March: Week 1

Solitude and Silence


Most of us struggle to spend time in solitude and silence, either because we can’t find the time, or more commonly, we don’t want to find the time because we dislike the sensation! Living in a culture dominated by busyness and background noise, we simply don’t know how to function without them. Consider the following quote: 

I have often said that the sole cause of man’s unhappiness is that he does not know how to stay quietly in his room… What people want is not the easy peaceful life… but the agitation that takes our minds off it and diverts.. That is why men are so found of the hustle and bustle.

That observation should not surprise us. What might surprise us is that it was written by mathematician and Catholic philosopher Blaise Pascal in the 17th Century. 

This is clearly not a new problem. Our culture’s methods of distraction might be unique, or perhaps new, but our reasons remain the same. This is how Henri Nouwen describes the modern-day experience:

As soon as we’re alone, without people to talk with, books to read, TV to watch, or phone calls to make, an inner chaos opens up in us. This chaos can be so disturbing and so confusing that we can hardly wait to get busy again… The distractions we have used to drown out our anxieties, fears and bad memories, unresolved conflicts, angry feelings, and impulsive desires are gone… and we want them back!

Very few of us will be able to read that description without recognising our own experience in it. We know that inner chaos well. But Nouwen does more than describe the symptoms; he also give some clues as to their cause. We don’t like being alone because we’re afraid of what might surface when we are. Indeed, we are mistaken if we think that solitude and silence are simply skills we haven’t yet learned. For most of us, this is an area of insecurity that is yet to be addressed. God is waiting to address it with us— alone. 

Learning to be alone well is an essential ingredient of a number of the other spiritual disciplines. Just as we will never learn to hear God well if we are constantly in crowds, neither will we learn to rest well, or to serve, wait or hope well. That is why it is so important that we first learn to be alone well.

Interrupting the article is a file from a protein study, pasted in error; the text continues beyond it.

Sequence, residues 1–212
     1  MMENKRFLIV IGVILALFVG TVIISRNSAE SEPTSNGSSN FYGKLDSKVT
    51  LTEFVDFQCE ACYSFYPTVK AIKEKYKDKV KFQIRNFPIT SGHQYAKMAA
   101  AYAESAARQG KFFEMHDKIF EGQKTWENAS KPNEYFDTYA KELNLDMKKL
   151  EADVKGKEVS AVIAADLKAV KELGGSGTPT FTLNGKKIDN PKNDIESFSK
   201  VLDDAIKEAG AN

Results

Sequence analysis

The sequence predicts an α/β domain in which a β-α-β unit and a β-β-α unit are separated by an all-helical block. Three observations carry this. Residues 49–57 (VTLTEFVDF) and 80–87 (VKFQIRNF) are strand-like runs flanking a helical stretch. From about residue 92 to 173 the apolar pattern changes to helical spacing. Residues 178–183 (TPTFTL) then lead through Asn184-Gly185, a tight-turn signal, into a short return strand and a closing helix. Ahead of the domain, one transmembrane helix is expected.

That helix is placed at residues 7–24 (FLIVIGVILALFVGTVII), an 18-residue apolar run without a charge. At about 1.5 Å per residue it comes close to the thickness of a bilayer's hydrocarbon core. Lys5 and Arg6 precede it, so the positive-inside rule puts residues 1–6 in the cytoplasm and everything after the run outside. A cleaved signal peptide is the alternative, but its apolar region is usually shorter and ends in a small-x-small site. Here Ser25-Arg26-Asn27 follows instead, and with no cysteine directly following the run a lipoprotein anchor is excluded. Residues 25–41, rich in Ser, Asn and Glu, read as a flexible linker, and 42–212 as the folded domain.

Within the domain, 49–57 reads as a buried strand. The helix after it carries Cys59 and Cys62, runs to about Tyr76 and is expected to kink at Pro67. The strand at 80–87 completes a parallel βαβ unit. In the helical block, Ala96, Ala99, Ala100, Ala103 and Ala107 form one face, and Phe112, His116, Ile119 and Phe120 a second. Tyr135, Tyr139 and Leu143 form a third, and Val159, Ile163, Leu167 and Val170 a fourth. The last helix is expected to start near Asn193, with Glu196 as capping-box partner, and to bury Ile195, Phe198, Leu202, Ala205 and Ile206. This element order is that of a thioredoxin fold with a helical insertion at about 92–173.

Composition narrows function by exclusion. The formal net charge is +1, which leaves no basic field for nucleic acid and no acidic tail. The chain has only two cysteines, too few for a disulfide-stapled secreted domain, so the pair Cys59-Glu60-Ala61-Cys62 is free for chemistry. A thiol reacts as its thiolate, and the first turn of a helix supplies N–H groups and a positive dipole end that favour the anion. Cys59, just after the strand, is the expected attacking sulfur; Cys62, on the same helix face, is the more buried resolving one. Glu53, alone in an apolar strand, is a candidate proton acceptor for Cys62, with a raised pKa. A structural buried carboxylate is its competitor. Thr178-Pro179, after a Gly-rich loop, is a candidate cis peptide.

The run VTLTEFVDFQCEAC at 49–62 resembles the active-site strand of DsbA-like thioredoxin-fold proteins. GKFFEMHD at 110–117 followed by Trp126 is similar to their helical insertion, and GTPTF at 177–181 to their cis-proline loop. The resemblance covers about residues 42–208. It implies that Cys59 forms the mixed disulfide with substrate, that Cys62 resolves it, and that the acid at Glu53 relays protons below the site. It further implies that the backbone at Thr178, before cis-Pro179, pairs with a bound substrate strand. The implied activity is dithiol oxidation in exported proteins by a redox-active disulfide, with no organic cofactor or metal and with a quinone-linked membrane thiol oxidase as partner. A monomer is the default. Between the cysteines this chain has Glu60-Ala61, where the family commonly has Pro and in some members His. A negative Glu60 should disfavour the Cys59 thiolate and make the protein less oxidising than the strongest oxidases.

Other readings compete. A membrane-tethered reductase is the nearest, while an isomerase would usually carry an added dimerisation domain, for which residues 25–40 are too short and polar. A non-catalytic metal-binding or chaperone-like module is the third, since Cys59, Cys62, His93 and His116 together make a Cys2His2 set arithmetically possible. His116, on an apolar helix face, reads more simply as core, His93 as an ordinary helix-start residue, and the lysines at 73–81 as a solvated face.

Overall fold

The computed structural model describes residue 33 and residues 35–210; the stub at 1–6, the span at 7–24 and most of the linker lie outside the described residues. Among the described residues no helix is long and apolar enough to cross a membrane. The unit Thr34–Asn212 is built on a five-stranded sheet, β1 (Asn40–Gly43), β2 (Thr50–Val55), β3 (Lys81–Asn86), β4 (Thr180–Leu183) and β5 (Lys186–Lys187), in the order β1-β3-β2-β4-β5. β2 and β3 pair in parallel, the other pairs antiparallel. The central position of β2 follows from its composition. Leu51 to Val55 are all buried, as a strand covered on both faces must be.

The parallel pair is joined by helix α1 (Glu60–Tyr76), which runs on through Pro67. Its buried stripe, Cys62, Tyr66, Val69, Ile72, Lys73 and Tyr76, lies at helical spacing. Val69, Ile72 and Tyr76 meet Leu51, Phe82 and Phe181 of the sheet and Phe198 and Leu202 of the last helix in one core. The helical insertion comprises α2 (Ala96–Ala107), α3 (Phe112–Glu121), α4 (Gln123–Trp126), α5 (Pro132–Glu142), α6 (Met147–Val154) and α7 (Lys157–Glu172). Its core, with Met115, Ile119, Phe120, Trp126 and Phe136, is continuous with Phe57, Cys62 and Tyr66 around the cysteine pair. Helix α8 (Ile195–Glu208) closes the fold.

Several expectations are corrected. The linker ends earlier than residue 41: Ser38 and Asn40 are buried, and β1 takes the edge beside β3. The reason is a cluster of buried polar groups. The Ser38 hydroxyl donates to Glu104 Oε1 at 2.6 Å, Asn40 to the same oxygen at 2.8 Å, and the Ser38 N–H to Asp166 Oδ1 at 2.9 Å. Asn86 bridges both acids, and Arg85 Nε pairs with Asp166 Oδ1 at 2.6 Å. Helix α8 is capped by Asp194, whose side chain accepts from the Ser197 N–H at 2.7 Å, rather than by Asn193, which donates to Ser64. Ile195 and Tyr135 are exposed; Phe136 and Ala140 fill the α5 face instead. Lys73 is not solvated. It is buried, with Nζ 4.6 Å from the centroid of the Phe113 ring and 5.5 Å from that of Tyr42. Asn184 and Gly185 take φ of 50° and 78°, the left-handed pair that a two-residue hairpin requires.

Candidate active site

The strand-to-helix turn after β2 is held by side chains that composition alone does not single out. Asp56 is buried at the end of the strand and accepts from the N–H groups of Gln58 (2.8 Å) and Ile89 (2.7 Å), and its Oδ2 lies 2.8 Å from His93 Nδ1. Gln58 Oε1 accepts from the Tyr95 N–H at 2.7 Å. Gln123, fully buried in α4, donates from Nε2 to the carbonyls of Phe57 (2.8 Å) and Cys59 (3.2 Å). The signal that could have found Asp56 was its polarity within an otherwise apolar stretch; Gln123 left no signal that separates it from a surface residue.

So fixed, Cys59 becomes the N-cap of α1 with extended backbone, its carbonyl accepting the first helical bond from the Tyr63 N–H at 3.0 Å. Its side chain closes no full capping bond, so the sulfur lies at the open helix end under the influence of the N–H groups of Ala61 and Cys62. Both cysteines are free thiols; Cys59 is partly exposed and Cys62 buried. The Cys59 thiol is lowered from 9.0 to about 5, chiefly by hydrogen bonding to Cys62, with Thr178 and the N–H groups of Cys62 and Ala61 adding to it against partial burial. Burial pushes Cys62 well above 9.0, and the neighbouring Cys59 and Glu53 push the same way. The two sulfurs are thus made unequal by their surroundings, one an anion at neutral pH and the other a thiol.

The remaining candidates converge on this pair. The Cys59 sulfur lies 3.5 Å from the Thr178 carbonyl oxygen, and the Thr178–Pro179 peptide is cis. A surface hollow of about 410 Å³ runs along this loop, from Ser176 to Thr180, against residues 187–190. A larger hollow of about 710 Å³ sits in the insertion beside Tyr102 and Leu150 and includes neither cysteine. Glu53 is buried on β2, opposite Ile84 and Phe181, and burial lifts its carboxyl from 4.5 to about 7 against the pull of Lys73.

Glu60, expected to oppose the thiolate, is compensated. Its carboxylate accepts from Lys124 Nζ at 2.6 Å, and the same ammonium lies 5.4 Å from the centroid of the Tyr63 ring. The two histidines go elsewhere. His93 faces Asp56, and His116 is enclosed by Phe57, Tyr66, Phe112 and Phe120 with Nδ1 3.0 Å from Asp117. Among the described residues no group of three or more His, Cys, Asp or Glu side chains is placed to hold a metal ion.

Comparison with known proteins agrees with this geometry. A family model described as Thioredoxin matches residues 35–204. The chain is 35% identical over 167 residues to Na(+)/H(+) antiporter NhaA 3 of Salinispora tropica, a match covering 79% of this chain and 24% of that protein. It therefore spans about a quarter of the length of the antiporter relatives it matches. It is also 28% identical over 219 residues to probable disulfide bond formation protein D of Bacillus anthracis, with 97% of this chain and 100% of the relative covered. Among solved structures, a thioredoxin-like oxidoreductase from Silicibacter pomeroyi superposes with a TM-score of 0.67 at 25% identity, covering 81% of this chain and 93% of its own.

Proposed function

Community has a vital role to play in our lives, as we will discuss next month. But some of us use community as a distraction from questions or struggles that can only be answered in solitude. As we learn to exchange some of our time with others for time alone, we will find ourselves being comforted, shaped and encouraged in ways that simply could not have happened otherwise. 

Of course, there is no real solitude without silence. Earpods in and on, listening to a podcast or your favourite music is not really solitude. The posture required for the comfort and encouragement of solitude rules out multi-tasking and our ‘security blanket’ sounds of text messages arriving, notifications keeping us immediately in touch with the digital world, or the familiarity of music. As Nouwen notes, even reading can be a source of unwanted ‘noise.’ No matter how pressurised and chaotic your family life, there is a way for you to creatively find times of solitude and silence— and the weekly exercises this month aim to help you explore them.

Week One Exercise

It might seem inconsistent for St Andrew’s, which is committed to encouraging and growing gospel-shaped communities and small groups, to be promoting solitude. But in fact we value both community and solitude because one cannot function well without the other. A glance at the ascetic or isolating cults of church history will quickly reveal the unhealthy consequences of neglecting fellowship— extreme isolation, austerity, and even mental illness. Alternatively, periods of church history closer to our own highlight the shallowness and weakness of the overly-socialised church, tending towards extreme distraction, stressful over-complication and the fear of ‘missing out’. 

Which of the two extremes do you naturally gravitate towards— fellowship or solitude? Do you prefer one so much that you are missing out on the other? If so, how might you bring more balance?

Find some time this week to sit quietly alone and consider these questions— for at least 15 minutes. When the 15 minutes is ‘done’, only then journal a few notes to document your thoughts. If you can’t find that time this week, then your answers will be pretty obvious!

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